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Travel Dispatch, Southeast Utah:
Greetings from Moab, where I’ve been hiking in Arches and Canyonlands, GPS scouting routes for our online Trips section. Right now I’m huddling in a defensible corner of Eddie McStiff’s brew pub, trying to get me some Wi Fi after three nights of dirt camping and power day hikes.
This place is rockin’. In fact the whole town’s a zoo, the press of touristicus suburbianis and herd-like mainstreet traffic jarring to my newly re-aboriginalized senses. It’s a bit like trying to walk through a cattle drive.
Southern Utah tourism always jumps from zero to 60 every spring, right about the time Easter arrives There’s never any build-up, just starting-gun land rush. And no place catches the tidal wave quite like Moab. For one it’s the unofficial spring sandbox for mountain town dude culture, and then there’s the annual Easter Jeep Safari, which draws 35,000 four-wheel-drive – uh, enthusiasts – from across the country.
So when I say the town’s a zoo, I’m being about as restrained as I can be short of chemical sedation. It’s much worse than ‘zoo,’ more like armageddon, brought to you courtesy of Detroit on steroids – a cross between Nascar, Rose Bowl, and Road Warrior, with a hefty dash of AARP and Good Sam Park thrown in, just to broaden the market appeal beyond the full-on earth-ripper hardcore set.
From my card-carrying tree-hugger perspective, the Easter Jeep Safari (and it’s autumn twin, the Moab Jeep Jamboree) is a gen-you-whine Dante’s tour of Hell’s levels, an environmental nightmare writ large upon the land. If Heironymous Bosch painted sandstone scenes that moved, this is how I imagine they might look.
Show trucks line Main Street for a mile, perched on their trailers like airbrushed candy apple billboards. Bizarrely modified Jeeps bounce along the highway shoulders, half monster truck, half moon buggy, barely avoiding rollover as they sprint illegally between trailheads. Every dirt road around town is dotted with trailer-park cities, dust clouds rising from the circles being spun around their edges. I missed the fashion news this spring, because the world scene has apparently undergone a radical shift toward mullets, logos and zippered suits. From the bar to the hostess station, there’s a titanic struggle underway, as leather and Naugahyde fight valiantly against waistlines and plumber’s butts.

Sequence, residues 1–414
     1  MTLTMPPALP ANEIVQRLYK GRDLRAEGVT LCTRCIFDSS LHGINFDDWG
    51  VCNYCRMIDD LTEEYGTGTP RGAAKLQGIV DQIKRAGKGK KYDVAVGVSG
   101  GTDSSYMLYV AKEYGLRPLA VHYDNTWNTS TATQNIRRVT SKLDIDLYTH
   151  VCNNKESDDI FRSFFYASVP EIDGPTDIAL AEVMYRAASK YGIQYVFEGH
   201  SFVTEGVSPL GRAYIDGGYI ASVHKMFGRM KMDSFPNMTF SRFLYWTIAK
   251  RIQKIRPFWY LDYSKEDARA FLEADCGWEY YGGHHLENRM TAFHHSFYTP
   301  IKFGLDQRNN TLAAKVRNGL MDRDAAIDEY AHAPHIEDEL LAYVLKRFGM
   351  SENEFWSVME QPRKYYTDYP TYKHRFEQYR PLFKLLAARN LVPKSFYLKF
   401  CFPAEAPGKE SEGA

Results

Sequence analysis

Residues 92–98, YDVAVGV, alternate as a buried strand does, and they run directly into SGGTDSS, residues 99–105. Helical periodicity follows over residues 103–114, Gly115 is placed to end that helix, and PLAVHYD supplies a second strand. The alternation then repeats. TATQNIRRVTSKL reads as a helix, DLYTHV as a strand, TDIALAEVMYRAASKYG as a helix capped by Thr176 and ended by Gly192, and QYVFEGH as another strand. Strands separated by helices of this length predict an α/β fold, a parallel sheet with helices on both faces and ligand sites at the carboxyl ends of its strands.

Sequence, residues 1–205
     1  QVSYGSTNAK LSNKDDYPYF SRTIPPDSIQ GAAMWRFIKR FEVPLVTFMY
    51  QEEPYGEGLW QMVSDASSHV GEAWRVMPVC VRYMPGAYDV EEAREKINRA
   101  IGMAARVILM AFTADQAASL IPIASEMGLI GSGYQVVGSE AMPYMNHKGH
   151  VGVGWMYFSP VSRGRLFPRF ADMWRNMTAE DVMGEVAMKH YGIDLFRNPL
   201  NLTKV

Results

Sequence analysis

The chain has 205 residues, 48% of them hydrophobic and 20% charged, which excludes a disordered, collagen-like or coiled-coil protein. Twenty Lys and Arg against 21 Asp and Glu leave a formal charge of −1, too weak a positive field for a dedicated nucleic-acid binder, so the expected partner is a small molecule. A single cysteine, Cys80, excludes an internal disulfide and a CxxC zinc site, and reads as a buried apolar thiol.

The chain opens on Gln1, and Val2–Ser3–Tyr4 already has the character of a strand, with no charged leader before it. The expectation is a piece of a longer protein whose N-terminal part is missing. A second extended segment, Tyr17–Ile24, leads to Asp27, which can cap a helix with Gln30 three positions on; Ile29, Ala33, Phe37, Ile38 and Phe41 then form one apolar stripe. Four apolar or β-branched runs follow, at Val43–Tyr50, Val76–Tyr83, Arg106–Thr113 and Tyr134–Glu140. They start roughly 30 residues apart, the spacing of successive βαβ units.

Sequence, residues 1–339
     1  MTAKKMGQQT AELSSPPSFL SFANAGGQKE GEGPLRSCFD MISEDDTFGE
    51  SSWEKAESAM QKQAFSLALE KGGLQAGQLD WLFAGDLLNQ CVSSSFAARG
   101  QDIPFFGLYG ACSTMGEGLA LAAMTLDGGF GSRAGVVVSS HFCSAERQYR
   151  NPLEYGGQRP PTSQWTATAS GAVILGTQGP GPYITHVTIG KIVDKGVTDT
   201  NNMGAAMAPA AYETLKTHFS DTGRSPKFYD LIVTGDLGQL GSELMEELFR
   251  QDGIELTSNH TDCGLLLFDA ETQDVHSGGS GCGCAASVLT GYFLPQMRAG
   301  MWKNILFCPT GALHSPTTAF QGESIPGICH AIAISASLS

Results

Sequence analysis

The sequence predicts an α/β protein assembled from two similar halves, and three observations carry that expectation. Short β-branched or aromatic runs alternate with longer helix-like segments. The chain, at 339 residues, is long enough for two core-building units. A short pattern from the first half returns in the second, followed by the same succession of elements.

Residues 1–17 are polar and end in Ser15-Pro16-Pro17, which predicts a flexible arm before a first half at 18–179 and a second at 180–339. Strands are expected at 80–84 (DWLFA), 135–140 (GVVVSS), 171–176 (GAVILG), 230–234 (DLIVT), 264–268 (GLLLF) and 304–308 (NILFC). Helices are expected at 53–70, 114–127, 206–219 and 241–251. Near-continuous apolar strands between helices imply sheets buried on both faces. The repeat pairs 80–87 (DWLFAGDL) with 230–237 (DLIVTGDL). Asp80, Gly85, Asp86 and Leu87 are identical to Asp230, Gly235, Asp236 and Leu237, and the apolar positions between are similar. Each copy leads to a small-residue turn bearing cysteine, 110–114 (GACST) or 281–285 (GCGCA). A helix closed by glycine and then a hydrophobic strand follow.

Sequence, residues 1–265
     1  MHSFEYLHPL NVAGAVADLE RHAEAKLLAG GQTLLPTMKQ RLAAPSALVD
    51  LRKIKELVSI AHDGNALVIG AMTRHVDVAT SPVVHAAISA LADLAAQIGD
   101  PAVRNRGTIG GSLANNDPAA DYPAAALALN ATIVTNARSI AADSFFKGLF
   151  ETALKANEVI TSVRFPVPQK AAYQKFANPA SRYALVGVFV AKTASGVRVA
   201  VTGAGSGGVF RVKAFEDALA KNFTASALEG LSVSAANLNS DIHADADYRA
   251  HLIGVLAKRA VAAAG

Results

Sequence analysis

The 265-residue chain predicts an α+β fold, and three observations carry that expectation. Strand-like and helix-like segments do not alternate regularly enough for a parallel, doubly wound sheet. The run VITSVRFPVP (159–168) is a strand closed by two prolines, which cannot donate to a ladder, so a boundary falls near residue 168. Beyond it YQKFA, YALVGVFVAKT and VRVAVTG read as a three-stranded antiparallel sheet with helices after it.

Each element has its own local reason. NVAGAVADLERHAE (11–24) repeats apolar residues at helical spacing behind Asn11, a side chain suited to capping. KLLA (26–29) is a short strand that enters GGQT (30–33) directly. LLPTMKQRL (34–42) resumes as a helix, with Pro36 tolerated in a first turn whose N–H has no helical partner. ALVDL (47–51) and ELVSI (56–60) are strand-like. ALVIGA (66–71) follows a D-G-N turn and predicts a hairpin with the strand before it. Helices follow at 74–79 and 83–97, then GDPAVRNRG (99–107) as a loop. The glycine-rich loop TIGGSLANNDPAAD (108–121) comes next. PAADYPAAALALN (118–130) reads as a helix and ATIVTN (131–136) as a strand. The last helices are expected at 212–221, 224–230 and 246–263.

It looks as if the Naugahyde’s losing. So I am outta here before this place really explodes on Friday night.
Up till now however, escape for a poor lonely hiker like myself has been pretty easy, thanks to the cliff-rich Four Corners country and nearby National Parks. Indeed, I’ve just spent the last three days oblivious to all this motorized mayhem, wandering through some of the finest acreage in Slickrock Country.I marched off a 15-mile day in the Needles, on a trail that climbed over iron ladders and through long rock slots between twisted sandstone towers. Then I trekked out to the confluence of the Green and ColoradoRivers, scrambling down over cliff bands and out across long sage flats to watch the waters mix, green with brown, in the literal heart of sandstone country.
Yesterday, above popular Potash Road, its campgrounds swarming with tightly packed revelers, I found a wild canyon and spent the day completely alone, clambering up logpile ladders, scrambling around pourovers, shimmying my way through narrow slots, and chilling my swollen feet in quiet sandstone potholes. Imagine that: Wilderness solitude mere miles from Jeep Safari central. All for the price of a little steep scrambling. And so I remain an optimist.
But one thing I was reminded while trotting around Moab, is just how rugged this country is. I remembered the first time I ever hiked in Southern Utah. I’d already been a mountaineering guide for five years, yet I got lost (in LostCanyon) for 48 hours, confused by the negative, incut topography. I never found the canyon I wanted. I never found the water I expected. I spent two dry days dodging pissed off rattlers and running transects through the pinyon groves trying to find my truck.
And it’s still that way in the Four Corners. Even the easy, signed trails like LathropCanyon, or Syncline Loop, or Druid Arch, or Confluence Overlook, have steep, exposed scrambles, or jumps across deep slots, or sketchy hopping on rotten boulders, or subtle routefinding challenges. I’m always surprised that hiking accidents aren’t more common here, yet all the trekkers I saw were very lightly laden, even well distant from trailheads. Some were literally carrying nothing. Here’s a peek into what can happen if one of those hazards rears its head, and you’re not ready. From the NPS Morning Report, March 21st:
Hiker’s Body Found After Extended Search (Mt.RainierNational Park)
A three-day search for a missing hiker culminated on Wednesday morning with the discovery of his body about a mile from the Kautz Creek trailhead. David Ossman, 45, of Mukilteo, Washington, evidently arrived in the park on Monday morning for a day hike. He was not planning to be out overnight and was dressed lightly in blue jeans, a flannel shirt and a jacket.
Remember, if you’re going ultralight, only momentum keeps you safe. Without movement, you’ve got big trouble.